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Newsletter: May 2019
Reader question: What is Micro-tracking in PBSP?
Answer from Curt Levan, Ph.D., PBSP Trainer:
In Pesso Boyden System Psychomotor (PBSP) micro-tracking is a unique skill for therapists and the starting point of all structures. There are two responses that we track: affect and voices. The therapist begins by introducing the idea of a witness figure, someone who would be in the “present” or “here and now” to name and validate the client’s feelings. The therapist can use their hand and arm to point to a space in the air close by. This could be a space next to the therapist, behind the therapist, etc. The client can then begin to imagine a witness figure that is actually in the room, yet separate from the therapist.
As the client begins to share, the therapist watches the facial emotions and physical motions of the client moment by moment. Whenever someone speaks there are feelings that are tied to the subject matter. As the therapist observes such a feeling, the therapist will say, “If there were a witness here, a witness would say, I see (name the emotion emanating from the client) how sad you feel when you remember your dad not being there for you. Here the therapist is putting in the feeling word and repeating exactly what the client just said. (dad was not there for me). The more accurate the therapist names the feeling, the greater the therapeutic alliance. The more accurate the content, the more the witness statement connects to the exact part of the client's brain where the thought originated from.
As the therapist micro-tracks the client, the client will make a cognitive statement that reflects a set of beliefs about how the world works and how they are to live in the world. For example, a negative predictive voice could say, “nothing ever works for me.” The therapist would then say, “that sounds like a voice of negative prediction that says, “nothing ever works out for you.”
Successful micro-tracking demands that the therapist have a broad and deep vocabulary of names for emotions and a strong memory. The process requires the therapist to quickly and accurately identify a feeling word to feed back to the client, and a strong memory so as to repeat back the exact words the client used. This is important as it keeps the flow of the conversation moving along.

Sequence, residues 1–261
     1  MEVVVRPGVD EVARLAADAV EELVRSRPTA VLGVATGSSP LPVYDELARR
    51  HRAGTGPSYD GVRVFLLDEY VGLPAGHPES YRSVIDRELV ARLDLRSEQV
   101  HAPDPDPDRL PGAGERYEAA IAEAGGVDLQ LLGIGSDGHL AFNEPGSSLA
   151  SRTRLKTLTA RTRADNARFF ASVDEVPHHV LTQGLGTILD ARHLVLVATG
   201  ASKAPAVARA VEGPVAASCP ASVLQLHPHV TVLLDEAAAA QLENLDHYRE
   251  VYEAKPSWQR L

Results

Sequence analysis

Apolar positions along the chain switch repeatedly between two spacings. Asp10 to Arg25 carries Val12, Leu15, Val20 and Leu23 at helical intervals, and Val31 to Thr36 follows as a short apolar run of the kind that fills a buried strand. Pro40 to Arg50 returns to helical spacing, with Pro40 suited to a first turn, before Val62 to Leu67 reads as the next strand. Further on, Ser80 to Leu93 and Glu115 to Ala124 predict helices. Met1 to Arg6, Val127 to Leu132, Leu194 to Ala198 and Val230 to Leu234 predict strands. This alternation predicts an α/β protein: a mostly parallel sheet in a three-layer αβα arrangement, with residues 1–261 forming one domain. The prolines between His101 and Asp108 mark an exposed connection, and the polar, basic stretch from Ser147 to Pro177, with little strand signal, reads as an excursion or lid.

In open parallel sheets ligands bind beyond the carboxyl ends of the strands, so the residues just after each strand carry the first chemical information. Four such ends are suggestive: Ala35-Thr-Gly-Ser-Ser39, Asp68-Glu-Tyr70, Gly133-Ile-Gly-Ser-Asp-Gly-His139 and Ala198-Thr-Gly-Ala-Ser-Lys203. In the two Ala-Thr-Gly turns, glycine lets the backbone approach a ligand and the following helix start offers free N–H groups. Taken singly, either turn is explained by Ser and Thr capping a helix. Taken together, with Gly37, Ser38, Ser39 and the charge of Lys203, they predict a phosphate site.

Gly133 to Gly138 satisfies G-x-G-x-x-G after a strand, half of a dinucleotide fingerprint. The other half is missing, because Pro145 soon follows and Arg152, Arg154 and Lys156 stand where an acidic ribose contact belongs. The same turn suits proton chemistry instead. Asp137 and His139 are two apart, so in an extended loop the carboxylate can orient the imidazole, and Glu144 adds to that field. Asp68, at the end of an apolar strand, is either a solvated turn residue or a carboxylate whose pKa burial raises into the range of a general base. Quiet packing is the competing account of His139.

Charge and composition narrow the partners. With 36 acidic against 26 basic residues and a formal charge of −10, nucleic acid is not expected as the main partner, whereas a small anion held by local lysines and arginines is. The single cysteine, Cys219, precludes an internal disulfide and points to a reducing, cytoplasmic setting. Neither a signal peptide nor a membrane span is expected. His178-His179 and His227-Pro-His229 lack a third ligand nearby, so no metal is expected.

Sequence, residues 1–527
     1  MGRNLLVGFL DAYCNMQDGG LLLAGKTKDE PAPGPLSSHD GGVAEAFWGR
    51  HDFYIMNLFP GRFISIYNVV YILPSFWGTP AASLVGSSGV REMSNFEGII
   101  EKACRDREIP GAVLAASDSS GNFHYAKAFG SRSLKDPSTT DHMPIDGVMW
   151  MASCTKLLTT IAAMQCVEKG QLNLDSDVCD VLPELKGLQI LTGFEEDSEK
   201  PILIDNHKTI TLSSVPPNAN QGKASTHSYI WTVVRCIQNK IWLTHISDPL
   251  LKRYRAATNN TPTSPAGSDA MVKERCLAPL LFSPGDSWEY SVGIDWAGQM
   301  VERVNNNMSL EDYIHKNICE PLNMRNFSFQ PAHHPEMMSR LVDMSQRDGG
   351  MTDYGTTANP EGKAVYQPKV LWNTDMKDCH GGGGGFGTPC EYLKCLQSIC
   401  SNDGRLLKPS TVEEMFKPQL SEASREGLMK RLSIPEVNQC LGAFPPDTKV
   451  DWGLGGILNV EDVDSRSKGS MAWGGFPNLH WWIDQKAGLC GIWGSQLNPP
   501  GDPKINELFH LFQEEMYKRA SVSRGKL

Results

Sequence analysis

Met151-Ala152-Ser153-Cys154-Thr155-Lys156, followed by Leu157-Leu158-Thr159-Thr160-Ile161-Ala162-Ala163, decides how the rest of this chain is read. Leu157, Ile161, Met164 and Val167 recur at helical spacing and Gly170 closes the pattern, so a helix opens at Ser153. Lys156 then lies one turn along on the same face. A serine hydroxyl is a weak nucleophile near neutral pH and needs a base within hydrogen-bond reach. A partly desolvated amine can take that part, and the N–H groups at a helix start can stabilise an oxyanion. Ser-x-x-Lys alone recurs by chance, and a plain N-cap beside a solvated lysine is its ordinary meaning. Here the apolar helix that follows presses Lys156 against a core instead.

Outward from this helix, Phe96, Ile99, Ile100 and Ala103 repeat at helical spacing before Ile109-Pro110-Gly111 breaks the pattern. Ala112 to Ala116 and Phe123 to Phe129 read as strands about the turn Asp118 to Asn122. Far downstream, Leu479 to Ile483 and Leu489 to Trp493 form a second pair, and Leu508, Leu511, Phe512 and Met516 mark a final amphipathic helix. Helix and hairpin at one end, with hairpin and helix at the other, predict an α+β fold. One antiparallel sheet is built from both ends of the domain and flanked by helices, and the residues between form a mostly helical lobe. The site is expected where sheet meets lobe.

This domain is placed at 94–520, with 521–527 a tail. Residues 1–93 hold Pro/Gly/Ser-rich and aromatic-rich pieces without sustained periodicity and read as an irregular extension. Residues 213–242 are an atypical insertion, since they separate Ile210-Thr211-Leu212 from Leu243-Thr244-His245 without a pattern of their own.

Here are two common misses in micro-tracking.
1. Inaccurately summarizing or theorizing what the client said.
For example, saying, "You weren't happy because being with your dad was upsetting. Is that right?" rather than, "A witness would say, I see how sad you feel because your dad wasn't there for you. Is that right?" Precise witness statements elicit more responses from the client and their "truth" becomes clear to you and to them.
2. Incorrectly focusing on the content statement that includes a feeling word.
A therapist can lose their present moment antenna and overlook the content in the client's face and/or body. For example, failing to notice that the client appears to be angry, pissed, or put out, and instead getting caught up in the client's words. For example, the client might say, "I was so worried that Suzie was not texting me back. Incorrectly the therapist might zero in on the word "worried." Yet the correct micro-tracking statement might be, "If a witness were here, a witness would say, "I see how put out you feel as you remember being worried that Suzie was not texting you back."
The point here is to keep micro-tracking the face and body no matter the feeling words used by the client as these words alone may not tell the full story.
Micro-tracking is a complex and exacting process. My aim in this short piece is to provide you with a greater understanding of this technique, rather than overloading you with new concepts. I will continue explaining the topic of micro-tracking in future newsletters and hope this first installment is helpful.
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